Promo Art for Steam, Part 1: Preparations

Last week on the Devblog we announced our intentions to finally prepare Secrets of Grindea for a Steam early access release. In order to do so, there's a bunch of stuff to finish, and one of those things is to create suitable promo art that can appear on Steam, which I'll be talking about today!

Planning how to make this piece of promotional art begins with browsing Steam and checking what other gamedevs do while asking yourself questions: Does this artwork catch my attention? Can I guess the game's genre solely based on it's promotional artwork? Are there any in-game graphics present? Add a "why/why not?" at the end of each of them, and keep going! While it's good to stand on your own, you also want to know how others handle stuff like this - for instance, if all Action RPGs use a similar kind of motif, the audience may associate Action RPGs with said imagery, and it might be a good idea to know so you can attract the correct audience. 

While browsing, I save certain artworks I find interesting and put them together in a document so I can analyze them more easily and discuss what makes them work (or not) with the others in the team:

The second step is to collect a bunch of images that resemble the feeling I want to portray within our own promo art. These images can be found all over the web, and I won't use any of them for specific reference of anything like that - I just want a collection of images giving off a certain vibe to help me stay on the right track and fuel my inspiration when creating something similar.

For this promo art moodboard, I collected a bunch of bright, happy-looking anime/manga-ish artworks, mostly from Pixiv:
Step three is to put these two boards together in my workspace, and prepare to make a ton of thumbnails:

A thumbnail is basically a super small, sketched version of an image that will give you an idea of what it'll look like in it's finished state. It's great for checking your composition, and should probably always be used before actually making a bigger image.

Here's a bunch of the thumbnails I made (these are very basic, typically thumbs can be as detailed as you like, but for this purpose I stuck with very basic ones):

One of the funny things with thumbnails is that when you start out, you often think your first idea will be the best, and that the rest of the thumbs you come up with will be bad versions of it and/or a waste of time because nothing could be better than the first one that came to your mind. However, more often than not, when you force yourself to come up with more than one version of an image, you'll realize that the one you thought was the best at first may not have been as nice as you thought. And such was definitely the case here!

Now, before I talk about which one we selected and why, I think it's time for a little break - this post is already pretty long, after all! 

Prepare for Part 2 later this week~ :)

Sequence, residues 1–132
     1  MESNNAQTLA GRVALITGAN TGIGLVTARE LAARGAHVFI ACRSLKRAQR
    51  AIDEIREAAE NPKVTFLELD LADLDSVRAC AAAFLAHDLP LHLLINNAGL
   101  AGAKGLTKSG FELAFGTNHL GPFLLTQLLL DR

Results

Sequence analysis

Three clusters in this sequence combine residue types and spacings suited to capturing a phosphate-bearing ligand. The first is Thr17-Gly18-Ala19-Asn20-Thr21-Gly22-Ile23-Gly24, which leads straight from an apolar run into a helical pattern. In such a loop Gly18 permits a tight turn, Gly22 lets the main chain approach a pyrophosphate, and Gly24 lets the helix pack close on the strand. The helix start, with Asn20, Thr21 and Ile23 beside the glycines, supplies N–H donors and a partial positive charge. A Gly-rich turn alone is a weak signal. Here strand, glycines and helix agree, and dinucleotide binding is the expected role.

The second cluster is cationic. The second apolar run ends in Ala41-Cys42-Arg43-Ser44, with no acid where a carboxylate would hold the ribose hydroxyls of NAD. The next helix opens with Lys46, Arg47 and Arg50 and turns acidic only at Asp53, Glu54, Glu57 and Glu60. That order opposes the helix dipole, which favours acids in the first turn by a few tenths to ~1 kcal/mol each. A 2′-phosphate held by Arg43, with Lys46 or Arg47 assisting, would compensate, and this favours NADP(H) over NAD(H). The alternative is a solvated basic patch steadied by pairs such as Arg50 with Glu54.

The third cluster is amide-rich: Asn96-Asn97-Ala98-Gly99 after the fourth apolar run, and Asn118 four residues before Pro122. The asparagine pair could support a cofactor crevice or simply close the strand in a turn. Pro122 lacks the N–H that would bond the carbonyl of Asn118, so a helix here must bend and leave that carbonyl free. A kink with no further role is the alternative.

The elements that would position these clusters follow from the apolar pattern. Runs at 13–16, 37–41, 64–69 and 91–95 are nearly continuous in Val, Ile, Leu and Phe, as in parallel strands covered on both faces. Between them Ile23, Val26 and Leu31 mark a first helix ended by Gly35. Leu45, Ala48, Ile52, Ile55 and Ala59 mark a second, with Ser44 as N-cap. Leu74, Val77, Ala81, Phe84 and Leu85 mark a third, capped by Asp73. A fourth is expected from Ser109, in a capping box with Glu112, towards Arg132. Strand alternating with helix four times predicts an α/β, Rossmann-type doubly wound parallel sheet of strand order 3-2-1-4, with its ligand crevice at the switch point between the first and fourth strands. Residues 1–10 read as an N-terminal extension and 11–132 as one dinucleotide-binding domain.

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  1. My suggestion would be to convey what the biggest draw to your game is going to be: 1-4 player online co-op. Have four friends standing upon a pile of gold, various treasures and enemies from the game. One sword user, one 2-handed sword user, one holding up a flame and hold hugging the tier 1 snow buddy or cloud.

    If you're looking to draw in the RPG crowd, the slime is one of the most identifiable RPG enemies. Rabby's would draw the attention of Secret of Mana fans specifically, but they're a little niche these days. Brawler Bots and Season Knights would show variety beyond the typical rabble of enemies people expect from RPGs.

    Games with obvious co-op and variety sell bucket loads more than games without it.

    Source: Sales figures for Torchlight 1 and 2, Trine 1 and 2.

    I hope you guys launch on Steam with 2 and / or 4-pack options, just to emphasize the co-op. :)

    These are just my musing as someone who browses the Steam market and knows what I tend to keep an eye out for. All of your current options look pretty sweet too. :D

    1. All very great points, thank you for that! :D

      (Also, steamspy is like the best invention in 2015.. I'm spending way too much time checking out random games there.. XD)

  2. What I think is really important, is that you can easily identify the game by the cover even if you're not familiar with the game. Bastion, Shovel Knight Valkyria Chronicles manage either a good contrast between name and artwork or a good partition of the space.

    Littlewitch as an example has a really lovely cover, but i can't even properly read the game's name

    In the sketches you did, i think that that pictures 1/1 , 1/2 , 2/1 and 2/2 are just cluttered and have a rather "bad" contrast.
    And as the anonymus commenter said, I also think that emphasis on the game's strength is a good idea. (I really love the second row right image. The one with the big chest)

  3. Yes, I agree! We'll definitely keep that in mind regarding the game name :) I also second your opinion on Littlewitch, when I first saw their logo I was like 'wtf is that', took a while before I realized it was the title of the game.. :D

  4. My personal favorite is the 2/2 picture since it shows Arcade and Story mode which is a cool thing IMO. That mixed with 1/3 which has the green and blue colors that give off the feeling of both the game and the mood would make a good starting point if you're asking me. It also I agree with earlier comments about showing the strengths of the game which would be the lovely variety of enemies and the co-op. The art style of the game is what got me hooked and I think it's one of the big selling points for SoG. I'm not super good at analyzing images but that's at least the feedback I can provide. I hope it helps in some way unless you've already decided on something. :P

  5. Now all we need is a poll to gather what everyone has as the main selling point for themselves in SoG x)